Over the course of the summer we watched the bulldozers move through the town, tearing up old concrete and dirt sidewalks to expand the road, nearly doubling its previous width. They poured new pavement, smoothing over the dark surface with steamrollers and laid beautifully carved stone tiles to create an even sidewalk on both sides. The road runs all the way up from the entrance to town, past two hotels and many shops on its way to the taxi stand (Morocco has an amazingly efficient and cheap public transportation system with taxis, buses and vans running between nearly every city, town and village in the country). By the end of the summer the road was finally complete, and when it opened everyone came out to walk on their new communal treasure. Kids were riding bikes in circles and kicking around soccer balls; old men were poking at it with their walking sticks and laughing to each other; whole families just walked around on it, mothers holding their young children’s hands; a few people were literally dancing in the street (music and dancing is a fairly common public activity in Morocco).
Looking back on this, and comparing it to the work being done outside my apartment building, I'm struck by what a difference context makes in the interpretation of something that, here in New York City, seems so commonplace. No one was dancing on St. Nicholas Ave. when the road crews finished their work. There was no excitement, no expectation of a new golden age of jobs for everyone and increasing connection to the world outside our neighborhood. It's just pavement. It's something we're surrounded by, something that fades into the backdrop of the mind as we move about our lives. We've spent a good deal of time this semester trying to figure out the meaning of a sign or a symbol, and how we could apply our methodologies to the practice of archeology. A lesson I have taken away from this experience of watching road construction in these two different countries is that a lot of what something means has to do with timing, history, economic factors, relative proximity to centers of power, and a host of other factors. Additionally, what is recognized as having some symbolic value (either consciously or unconsciously) has a great deal to do with how familiar it is to the people living in the moment when it is produced.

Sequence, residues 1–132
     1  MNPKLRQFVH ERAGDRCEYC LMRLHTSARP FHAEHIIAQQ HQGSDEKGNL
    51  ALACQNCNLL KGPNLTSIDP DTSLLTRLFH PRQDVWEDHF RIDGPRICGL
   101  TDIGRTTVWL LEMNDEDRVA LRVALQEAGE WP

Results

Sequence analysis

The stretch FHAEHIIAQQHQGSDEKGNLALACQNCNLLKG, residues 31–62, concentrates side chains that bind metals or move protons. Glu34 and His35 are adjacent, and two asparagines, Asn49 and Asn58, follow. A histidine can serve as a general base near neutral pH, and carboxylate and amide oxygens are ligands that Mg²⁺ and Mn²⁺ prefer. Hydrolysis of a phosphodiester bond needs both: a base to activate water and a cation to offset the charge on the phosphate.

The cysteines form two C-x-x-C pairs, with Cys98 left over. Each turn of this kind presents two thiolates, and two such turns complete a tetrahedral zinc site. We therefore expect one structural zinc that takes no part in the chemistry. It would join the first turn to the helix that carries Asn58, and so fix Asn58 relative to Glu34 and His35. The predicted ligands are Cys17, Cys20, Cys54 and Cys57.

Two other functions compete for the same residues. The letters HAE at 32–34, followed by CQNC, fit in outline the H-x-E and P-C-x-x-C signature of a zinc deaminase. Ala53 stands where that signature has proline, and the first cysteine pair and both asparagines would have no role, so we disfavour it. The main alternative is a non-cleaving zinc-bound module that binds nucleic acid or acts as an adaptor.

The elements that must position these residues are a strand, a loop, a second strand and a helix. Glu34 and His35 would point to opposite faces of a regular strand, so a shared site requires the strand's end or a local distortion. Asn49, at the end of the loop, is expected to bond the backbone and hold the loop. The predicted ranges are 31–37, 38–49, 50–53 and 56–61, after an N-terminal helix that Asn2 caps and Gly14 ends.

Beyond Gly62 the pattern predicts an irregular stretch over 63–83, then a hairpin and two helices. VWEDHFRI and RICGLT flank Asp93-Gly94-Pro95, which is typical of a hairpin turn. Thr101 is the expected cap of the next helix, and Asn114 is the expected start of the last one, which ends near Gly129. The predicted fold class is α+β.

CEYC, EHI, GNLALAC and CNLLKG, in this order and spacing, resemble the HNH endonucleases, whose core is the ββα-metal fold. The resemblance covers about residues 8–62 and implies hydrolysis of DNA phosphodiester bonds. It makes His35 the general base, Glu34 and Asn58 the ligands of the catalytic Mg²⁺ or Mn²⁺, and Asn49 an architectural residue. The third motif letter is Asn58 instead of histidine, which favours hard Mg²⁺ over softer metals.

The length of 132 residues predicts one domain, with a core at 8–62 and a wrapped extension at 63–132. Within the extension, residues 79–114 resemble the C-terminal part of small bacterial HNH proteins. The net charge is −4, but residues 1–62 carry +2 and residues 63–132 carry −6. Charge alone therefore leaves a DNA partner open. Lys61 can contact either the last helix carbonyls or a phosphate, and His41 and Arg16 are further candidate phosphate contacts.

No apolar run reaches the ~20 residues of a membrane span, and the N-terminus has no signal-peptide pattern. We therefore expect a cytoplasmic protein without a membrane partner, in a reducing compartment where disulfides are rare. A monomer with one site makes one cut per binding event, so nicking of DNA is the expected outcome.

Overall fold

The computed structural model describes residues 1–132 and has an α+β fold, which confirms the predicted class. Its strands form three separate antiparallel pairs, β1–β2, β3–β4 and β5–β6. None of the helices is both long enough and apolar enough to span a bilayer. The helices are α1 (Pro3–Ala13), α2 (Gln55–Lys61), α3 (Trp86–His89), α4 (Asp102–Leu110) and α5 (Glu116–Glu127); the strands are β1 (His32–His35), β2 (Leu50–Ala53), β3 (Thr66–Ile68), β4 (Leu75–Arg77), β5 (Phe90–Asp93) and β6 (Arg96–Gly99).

Which brings me to my second point. I know nothing about the archeology of roads, or even if such a sub-field exists, but I can't help but wonder how many layers of pavement there are underneath St. Nicholas Ave. If you dug deep enough I imagine you'd come to a time when that road did mean something to someone, when it meant that food could be got more easily and taxis could more quickly transport you to Times Square. The great difficulty would be in trying to reconstruct the exact meaning that that road had for people in that neighborhood, and just as there is debate in Morocco about whether or not development is good or bad, there was very likely some debate in Washington Heights as well. But this seems to me to be an area where anthropology and archeology might have some interesting dialogue, where a semiotic analysis of a living culture might inform an interpretation of a past one and vice versa. As I said earlier, context is important, and the historical conditions surrounding Washington Heights at the time St. Nicholas Ave. (in Manhattan, New York City) was first paved are likely very different from the current conditions surrounding Ouaouizarht (High Atlas Mountains, Morocco).
Still, I believe this to be an Avenue worth exploring.